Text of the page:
Gallery View, Clock Two
Image | © The Metropolitan Museum of Art

Bolton showed the similar visual style of a dress but made with a radically different methodology such as the 3D printed and laser cut plastic strapless corset dress with waves pattern skirt by Iris Van Herpen for her fall-winter 2015 collection and a yellow satin ball gown of the same silhouette from 1951 by Charles James. 

 “We end the exhibition with an haute couture dress from Viktor & Rolf (spring-summer 2020), which is a direct response to the temporal acceleration that has come to define fashion in the 21st century. Like many other designers, Viktor & Rolf have come to embrace conscious creativity and move towards slow fashion with this emphasis on value and quality, and longevity. Since 2015, their couture collections have been produced with fabrics from past collections, and for the spring 2020 collection, they created a series of patchwork dresses from their archive fabric swatches,” Bolton said about why he chose this dress to end with a note about the future of fashion that comprises of communities and collaborations to build sustainably like the patchwork laces on the dress. Well, the idea of sustainability is nice, but it’s such a hollow marketing excursion at this point than anything even slightly concrete that may lessen the pollution, the waste and the damage to the environment, and so forth. 

Dress, Viktor & Rolf (Dutch, Founded 1993), Spring/Summer 2020 Haute Couture: Courtesy Viktor + Rolf.
Headpiece by Shay Ashual in collaboration with Yevgeny Koramblyum
Image | © The Metropolitan Museum of Art

What the exhibition does so convincingly and in such an academic and intellectual manner is that in fashion, originality is indeed a difficult concept to sustain in any meaningful and independent way as borrowing to enhance the current shapes of clothes or to destroy the idea of an ideal shape then and now has always been the currency of fashion.

Originality stems from using the specific ‘idea’ of a garment already made in a previous time frame and transforming older ideas into unique garments. 

It was also surprising to see how so few American designers except Marc Jacobs, Rudi Gernreich, Charles James, and Halston have contributed to this ‘time’ fashion discourse. 

As I left the preview, I saw a line of people waiting to get in, people not fashion people. For fashion experts and intellectuals, this exhibition cements the idea of a continuous flow of fashion ideas and silhouettes over time as a fashion garment depends on what came before. But what can these people wait in line eager to peek at the 150 years of fashion displayed in pairs inside Gallery 999?  Can the idea of grand larceny or, in this case, ‘institutionalized grand larceny’ comes to their minds?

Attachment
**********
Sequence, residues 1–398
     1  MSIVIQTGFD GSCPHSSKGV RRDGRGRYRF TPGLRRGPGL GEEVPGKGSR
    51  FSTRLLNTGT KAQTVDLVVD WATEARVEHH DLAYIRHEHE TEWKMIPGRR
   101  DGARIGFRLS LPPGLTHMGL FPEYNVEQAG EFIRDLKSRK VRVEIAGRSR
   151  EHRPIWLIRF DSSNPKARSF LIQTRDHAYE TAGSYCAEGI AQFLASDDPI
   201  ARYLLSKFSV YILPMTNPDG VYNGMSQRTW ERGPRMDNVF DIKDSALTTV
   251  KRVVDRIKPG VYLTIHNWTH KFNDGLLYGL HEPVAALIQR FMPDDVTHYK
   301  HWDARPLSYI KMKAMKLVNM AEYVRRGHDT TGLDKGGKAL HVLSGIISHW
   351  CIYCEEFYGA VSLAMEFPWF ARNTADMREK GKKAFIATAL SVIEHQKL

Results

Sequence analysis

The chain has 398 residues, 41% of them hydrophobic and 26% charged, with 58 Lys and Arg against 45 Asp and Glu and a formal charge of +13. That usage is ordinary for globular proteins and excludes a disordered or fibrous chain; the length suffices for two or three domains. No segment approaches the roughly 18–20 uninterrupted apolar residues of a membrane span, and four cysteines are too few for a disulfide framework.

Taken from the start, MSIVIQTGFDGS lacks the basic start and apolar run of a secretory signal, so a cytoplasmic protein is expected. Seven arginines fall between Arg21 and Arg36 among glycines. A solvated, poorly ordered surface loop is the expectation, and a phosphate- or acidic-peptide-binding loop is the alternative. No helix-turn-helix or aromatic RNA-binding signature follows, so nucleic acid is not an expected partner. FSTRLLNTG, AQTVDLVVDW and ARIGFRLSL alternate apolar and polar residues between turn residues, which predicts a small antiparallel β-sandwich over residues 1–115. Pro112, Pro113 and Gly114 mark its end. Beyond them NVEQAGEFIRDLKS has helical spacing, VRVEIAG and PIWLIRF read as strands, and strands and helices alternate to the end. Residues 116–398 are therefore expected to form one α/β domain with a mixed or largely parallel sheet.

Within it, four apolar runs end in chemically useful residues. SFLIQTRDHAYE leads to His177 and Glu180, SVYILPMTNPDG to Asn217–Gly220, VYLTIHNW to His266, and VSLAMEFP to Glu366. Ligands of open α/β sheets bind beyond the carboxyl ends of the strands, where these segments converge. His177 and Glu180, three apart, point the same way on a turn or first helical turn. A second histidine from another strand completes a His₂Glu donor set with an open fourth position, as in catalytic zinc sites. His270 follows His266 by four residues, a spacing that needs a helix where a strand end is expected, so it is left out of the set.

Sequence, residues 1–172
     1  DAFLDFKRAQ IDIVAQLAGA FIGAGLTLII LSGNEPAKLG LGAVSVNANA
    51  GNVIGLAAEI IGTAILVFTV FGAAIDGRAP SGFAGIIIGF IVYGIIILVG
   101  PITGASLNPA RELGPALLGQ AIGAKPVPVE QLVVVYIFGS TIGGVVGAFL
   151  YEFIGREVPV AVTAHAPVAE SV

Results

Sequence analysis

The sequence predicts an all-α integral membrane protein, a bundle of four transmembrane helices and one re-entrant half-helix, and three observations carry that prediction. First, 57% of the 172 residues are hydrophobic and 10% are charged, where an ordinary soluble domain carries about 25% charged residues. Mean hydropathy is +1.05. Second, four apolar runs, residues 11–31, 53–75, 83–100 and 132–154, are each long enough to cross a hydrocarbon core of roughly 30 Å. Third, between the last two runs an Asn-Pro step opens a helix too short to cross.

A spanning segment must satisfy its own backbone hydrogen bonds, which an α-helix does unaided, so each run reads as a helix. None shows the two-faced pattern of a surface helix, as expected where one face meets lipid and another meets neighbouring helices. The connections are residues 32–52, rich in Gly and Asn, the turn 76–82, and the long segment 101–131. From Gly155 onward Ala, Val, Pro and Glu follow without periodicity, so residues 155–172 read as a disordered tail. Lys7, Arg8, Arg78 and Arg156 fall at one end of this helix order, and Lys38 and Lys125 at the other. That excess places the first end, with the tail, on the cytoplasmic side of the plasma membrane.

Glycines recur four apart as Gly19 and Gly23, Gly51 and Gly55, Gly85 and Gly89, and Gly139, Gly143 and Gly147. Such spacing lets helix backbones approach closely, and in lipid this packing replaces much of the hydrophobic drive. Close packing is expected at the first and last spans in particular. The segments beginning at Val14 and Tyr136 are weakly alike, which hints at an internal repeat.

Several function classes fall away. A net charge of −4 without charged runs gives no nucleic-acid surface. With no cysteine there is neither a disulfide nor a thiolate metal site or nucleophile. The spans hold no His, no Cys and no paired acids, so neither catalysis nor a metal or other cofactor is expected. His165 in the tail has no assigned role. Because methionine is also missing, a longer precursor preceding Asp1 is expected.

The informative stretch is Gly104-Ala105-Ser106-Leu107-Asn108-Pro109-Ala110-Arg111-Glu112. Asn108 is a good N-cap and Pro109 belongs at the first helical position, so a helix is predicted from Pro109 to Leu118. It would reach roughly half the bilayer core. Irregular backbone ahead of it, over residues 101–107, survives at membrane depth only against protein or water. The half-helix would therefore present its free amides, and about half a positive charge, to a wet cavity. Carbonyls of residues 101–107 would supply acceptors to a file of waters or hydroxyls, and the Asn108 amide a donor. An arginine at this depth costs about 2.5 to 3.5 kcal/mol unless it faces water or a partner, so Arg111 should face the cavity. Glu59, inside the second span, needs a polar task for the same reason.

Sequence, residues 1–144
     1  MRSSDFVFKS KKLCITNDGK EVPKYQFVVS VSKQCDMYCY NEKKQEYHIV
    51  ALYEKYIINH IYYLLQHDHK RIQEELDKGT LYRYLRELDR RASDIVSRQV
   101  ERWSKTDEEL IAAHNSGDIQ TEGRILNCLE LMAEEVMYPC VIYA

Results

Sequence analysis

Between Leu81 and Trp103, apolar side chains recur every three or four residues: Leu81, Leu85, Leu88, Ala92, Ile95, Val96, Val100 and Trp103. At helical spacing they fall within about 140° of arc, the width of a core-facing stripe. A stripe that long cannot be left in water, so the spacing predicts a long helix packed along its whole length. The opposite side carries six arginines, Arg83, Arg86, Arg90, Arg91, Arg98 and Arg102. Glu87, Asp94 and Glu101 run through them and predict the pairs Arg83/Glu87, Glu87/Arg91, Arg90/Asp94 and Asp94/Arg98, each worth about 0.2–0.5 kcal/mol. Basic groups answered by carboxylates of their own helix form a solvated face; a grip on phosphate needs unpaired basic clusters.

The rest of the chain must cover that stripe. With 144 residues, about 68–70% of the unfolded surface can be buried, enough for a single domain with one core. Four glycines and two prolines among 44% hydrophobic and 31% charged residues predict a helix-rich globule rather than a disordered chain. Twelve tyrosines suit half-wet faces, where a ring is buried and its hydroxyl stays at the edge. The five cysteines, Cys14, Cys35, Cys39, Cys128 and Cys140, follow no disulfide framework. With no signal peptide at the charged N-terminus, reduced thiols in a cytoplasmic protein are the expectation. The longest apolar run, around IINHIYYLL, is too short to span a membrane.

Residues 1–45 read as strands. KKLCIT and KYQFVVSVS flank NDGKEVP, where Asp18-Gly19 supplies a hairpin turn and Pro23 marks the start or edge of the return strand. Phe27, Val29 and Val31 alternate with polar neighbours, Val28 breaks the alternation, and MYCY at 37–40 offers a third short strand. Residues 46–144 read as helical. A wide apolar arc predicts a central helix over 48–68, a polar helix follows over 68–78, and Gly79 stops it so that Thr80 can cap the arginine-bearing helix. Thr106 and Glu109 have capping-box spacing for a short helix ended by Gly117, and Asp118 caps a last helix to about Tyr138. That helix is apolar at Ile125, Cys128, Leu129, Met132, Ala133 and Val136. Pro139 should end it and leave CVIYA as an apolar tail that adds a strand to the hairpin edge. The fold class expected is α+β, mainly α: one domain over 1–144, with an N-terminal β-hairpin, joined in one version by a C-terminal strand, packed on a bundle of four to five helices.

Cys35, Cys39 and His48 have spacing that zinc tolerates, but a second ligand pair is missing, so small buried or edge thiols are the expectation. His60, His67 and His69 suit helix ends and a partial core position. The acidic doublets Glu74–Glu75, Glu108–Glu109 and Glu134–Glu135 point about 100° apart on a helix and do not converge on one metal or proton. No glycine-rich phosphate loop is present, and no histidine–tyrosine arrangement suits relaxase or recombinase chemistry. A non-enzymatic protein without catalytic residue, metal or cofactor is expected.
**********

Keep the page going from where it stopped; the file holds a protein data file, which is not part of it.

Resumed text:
1902 Riding Jacket
Morin Blossier, French
Black silk velvet appliquéd with polychrome silk satin ribbons and embroidered with polychrome silk thread and gold silk-and-metal thread in floral motif
Gift of Miss Irene Lewisohn, 1937 (C.I.37.44.3a)

Nicolas Ghesquière for Louis Vuitton Spring/summer 2018
Louis Vuitton, French, founded 1854
Nicolas Ghesquière, French, born 1971
Gilet of polychrome silk jacquard in floral motif; shirt of white silk charmeuse; shorts of black synthetic plain weave shot with gold Lurex
Courtesy Collection Louis Vuitton

1895 Mrs. Arnold Dinner Dress Ca. 1895
Mrs. Arnold, American
Black silk satin trimmed with black silk net lace
Brooklyn Museum Costume Collection at The Metropolitan Museum of Art, Gift of the Brooklyn Museum, 2009
Gift of Sally Ingalls, 1932 (2009.300.643a, b)

2004 Comme des Garçcons Ensemble Autumn/winter 2004–5
Comme des Garçons, Japanese, founded 1969
Jacket of black cupra-silk satin and synthetic taffeta; top of black synthetic tulle; skirt of black wool-silk satin and white cotton muslin
Gift of Comme des Garçons, 2020

1918 American Red Cross Uniform
American, 1918
Blue wool twill appliquéd with Red Cross insignia and rank strips
Gift of Frances Townsend Fisher, 1994 (1994.352.1a, b)

2020 John Galliano for Maison Margiela 
Spring/Summer 2020
Maison Margiela, French, founded 1988
John Galliano, British, born Gibraltar, 1960
Cape of navy wool broadcloth; shirt of blue cotton chambray; detachable sleeves of white cotton poplin; tabard of white synthetic organza; dress of blue wool twill and blue polyester charmeuse
Courtesy John Galliano for Maison Margiela

1947 Christian Dior ‘Bar’ Suit 
Jacket: Spring/Summer 1947; Skirt: Spring/Summer 1947, edition 1969
Christian Dior, French, 1905–1957
Jacket of beige tussah silk; skirt of black wool plain weave
Jacket: Gift of Mrs. John Chambers Hughes, 1958 (C.I.58.34.30); Skirt: Gift of Christian Dior, 1969 (C.I.69.40)

2011 Junya Watanabe ensemble
Autumn/Winter 2011–12
Junya Watanabe, Japanese, born 1961
Jacket of black leather; skirt of black polyurethane
Courtesy Junya Watanabe Comme des Garçons

1994 Karl Lagerfeld for Chanel Suit
Spring/Summer 1994
Chanel, French, founded 1913
Karl Lagerfeld, French, born Germany, 1933–2019
Jacket and skirt of black wool tweed trimmed with white plastic; shirt of white cotton knit
Courtesy Collection du Patrimoine de CHANEL

1963 Gabrielle Chanel suit 
Spring/summer 1963 haute couture
Gabrielle Chanel, French, 1883–1971
Jacket of ivory and navy wool bouclé; skirt of ivory wool bouclé trimmed with navy crepe de chine; blouse of navy satin-faced organza
Brooklyn Museum Costume Collection at The Metropolitan Museum of Art, Gift of the Brooklyn Museum, 2009; Gift of Jane Holzer, 1977 (2009.300.525a–e)

2012 Iris Van Herpen Dress
Autumn/Winter 2012–13 haute couture
Iris van Herpen, Dutch, born 1984
Black PVC
Gift of Iris van Herpen, in honor of Harold Koda, 2016 (2016.185)

1951 Charles James Ball Gown
1951 Charles James, American, born Great Britain, 1906–1978
Ivory silk satin
Brooklyn Museum Costume Collection at The Metropolitan Museum of Art, Gift of the Brooklyn Museum, 2009; Gift of Mr. and Mrs. Robert Coulson, 1964 (2009.300.1311)

Above 6 Photos Taken at Exhibit (Oct 26, 2020) | Long Nguyen